Prof. Dr. Stefan Weltge


Discrete Mathematics

Academic Career and Research Areas

Prof. Weltge (b. 1986) works on theoretical questions in discrete mathematics that concern the foundations of mathematical optimization. His research focuses on optimal formulations of optimization problems, which he approaches by applying tools from geometry and theoretical computer science. Professor Weltge has made numerous important contributions to the theory of "extended formulations", demonstrating inter alia the unviability of several popular approaches to solving the famous P versus NP problem.

Prof. Weltge studied Mathematics with a minor in Computer Science at the Otto von Guericke University Magdeburg and completed his studies there with distinction in 2012. After research visits in Tartu (Estonia) and Padua (Italy), he completed his Ph.D. in Magdeburg in 2016. He worked as a postdoctoral researcher at the Institute for Operations Research, ETH Zurich, from 2016 to 2018 and has been at TUM since 2018.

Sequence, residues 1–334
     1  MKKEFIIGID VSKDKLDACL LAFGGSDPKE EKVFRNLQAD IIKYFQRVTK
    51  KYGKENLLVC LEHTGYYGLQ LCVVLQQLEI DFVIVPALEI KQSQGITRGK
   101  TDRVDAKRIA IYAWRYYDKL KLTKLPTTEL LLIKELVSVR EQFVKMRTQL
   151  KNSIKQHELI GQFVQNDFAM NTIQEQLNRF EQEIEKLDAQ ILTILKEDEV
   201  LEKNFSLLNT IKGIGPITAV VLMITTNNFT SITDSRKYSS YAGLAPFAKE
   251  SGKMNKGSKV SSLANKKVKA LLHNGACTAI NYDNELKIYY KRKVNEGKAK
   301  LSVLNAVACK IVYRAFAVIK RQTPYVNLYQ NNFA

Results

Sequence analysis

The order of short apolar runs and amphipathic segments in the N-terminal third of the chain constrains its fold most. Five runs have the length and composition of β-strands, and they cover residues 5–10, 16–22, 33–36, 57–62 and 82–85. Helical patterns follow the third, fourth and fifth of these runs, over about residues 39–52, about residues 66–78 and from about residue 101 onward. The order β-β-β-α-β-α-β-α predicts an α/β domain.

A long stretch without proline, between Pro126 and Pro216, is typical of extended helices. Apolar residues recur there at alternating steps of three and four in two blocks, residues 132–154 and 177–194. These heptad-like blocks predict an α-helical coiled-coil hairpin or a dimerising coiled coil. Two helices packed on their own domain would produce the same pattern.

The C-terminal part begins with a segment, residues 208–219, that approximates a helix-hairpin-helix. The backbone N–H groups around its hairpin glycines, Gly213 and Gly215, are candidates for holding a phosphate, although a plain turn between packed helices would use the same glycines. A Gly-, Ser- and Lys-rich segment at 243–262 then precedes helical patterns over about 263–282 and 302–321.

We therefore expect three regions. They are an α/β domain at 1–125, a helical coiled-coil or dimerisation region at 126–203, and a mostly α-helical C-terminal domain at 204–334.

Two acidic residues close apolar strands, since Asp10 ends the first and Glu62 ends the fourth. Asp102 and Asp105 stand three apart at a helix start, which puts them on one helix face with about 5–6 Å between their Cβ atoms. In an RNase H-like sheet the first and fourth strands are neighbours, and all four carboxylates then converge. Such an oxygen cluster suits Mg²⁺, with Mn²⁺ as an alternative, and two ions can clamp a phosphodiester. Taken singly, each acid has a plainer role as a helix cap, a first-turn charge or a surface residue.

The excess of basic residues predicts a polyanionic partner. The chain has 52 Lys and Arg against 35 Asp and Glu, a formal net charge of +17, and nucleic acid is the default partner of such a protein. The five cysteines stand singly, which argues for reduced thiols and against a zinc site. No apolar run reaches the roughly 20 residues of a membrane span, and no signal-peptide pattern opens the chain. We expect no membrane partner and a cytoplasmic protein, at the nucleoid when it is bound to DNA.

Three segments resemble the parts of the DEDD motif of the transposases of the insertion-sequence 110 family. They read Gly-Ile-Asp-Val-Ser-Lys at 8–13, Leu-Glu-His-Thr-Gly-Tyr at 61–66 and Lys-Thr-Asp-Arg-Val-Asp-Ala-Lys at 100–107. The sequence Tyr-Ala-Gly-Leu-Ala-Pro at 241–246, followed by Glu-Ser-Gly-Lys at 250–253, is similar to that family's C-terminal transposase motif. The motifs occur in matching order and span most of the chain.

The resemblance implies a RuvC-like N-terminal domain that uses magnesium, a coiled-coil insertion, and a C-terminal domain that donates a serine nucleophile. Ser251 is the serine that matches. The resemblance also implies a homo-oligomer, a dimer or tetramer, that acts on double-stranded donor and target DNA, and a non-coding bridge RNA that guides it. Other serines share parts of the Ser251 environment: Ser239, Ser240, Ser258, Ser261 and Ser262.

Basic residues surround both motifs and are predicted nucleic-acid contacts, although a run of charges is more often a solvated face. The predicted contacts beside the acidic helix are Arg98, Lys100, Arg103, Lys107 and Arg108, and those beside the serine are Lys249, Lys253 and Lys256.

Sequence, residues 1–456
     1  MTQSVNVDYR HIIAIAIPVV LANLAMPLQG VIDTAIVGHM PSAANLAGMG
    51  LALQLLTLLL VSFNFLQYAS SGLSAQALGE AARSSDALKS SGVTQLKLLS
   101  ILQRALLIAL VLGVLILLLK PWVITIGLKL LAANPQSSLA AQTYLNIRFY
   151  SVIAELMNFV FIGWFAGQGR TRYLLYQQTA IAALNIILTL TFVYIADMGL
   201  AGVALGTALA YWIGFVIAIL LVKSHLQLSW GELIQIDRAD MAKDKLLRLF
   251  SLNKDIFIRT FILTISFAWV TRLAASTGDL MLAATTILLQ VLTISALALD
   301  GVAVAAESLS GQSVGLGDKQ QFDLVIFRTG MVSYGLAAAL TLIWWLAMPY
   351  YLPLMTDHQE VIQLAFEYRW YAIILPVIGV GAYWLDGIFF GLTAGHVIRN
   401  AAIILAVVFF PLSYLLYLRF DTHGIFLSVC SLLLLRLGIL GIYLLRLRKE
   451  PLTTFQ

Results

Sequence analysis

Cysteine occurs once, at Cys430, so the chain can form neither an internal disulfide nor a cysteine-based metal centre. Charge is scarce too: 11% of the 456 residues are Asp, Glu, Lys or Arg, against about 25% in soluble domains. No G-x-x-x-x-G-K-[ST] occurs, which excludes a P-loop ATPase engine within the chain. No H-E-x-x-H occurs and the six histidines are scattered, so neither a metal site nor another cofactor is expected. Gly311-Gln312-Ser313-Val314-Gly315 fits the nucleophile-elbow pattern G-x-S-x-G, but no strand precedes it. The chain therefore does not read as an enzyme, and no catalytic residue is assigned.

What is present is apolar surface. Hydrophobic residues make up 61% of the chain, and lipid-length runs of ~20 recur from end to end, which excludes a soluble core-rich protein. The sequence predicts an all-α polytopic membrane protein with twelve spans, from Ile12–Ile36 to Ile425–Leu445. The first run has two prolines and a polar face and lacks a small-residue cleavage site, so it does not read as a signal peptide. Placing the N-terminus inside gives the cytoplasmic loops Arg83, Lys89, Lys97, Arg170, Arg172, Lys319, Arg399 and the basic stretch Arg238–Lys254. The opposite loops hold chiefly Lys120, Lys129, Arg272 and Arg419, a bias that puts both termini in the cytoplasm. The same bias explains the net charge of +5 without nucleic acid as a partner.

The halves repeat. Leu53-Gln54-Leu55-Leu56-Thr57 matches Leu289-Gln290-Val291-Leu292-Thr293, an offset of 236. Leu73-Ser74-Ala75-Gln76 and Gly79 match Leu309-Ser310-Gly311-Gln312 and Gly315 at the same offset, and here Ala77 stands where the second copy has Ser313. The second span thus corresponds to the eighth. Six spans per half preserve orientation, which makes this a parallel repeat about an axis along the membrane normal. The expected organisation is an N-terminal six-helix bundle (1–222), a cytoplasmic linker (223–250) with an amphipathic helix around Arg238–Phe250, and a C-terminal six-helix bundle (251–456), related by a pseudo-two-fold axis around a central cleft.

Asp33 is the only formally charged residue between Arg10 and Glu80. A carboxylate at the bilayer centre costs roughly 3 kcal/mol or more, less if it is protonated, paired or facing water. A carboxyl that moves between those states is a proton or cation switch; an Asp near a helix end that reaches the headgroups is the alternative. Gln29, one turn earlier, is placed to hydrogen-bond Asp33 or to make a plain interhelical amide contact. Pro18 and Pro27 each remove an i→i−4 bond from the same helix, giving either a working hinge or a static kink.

• Dissertation Prize for best dissertation at Otto von Guericke University Magdeburg (2016)

S. Fiorini, G. Joret, S. Weltge and Y. Yuditsky, "Integer programs with bounded subdeterminants and two nonzeros per row," 2021 IEEE 62nd Annual Symposium on Foundations of Computer Science (FOCS), 2022, pp. 13-24, doi: 10.1109/FOCS52979.2021.00011.


Cevallos A, Weltge S, Zenklusen R: "Lifting Linear Extension Complexity Bounds to the Mixed-Integer Setting". Proceedings of the Twenty-Ninth Annual ACM-SIAM Symposium on Discrete Algorithms (SODA). New Orleans, Louisiana, USA. 07.-10.01.2018: 788-807.


Averkov G, Merino BG, Paschke I, Schymura M, Weltge S: "Tight bounds on discrete quantitative Helly numbers". Advances in Applied Mathematics. 2017; 89: 76-101.


Kaibel V, Weltge S: "A short proof that the extension complexity of the correlation polytope grows exponentially". Discrete & Computational Geometry. 2015; 53(2): 397-401.


Kaibel V, Weltge S: "Lower bounds on the sizes of integer programs without additional variables". Mathematical Programming. 2015; 154(1-2): 407-425.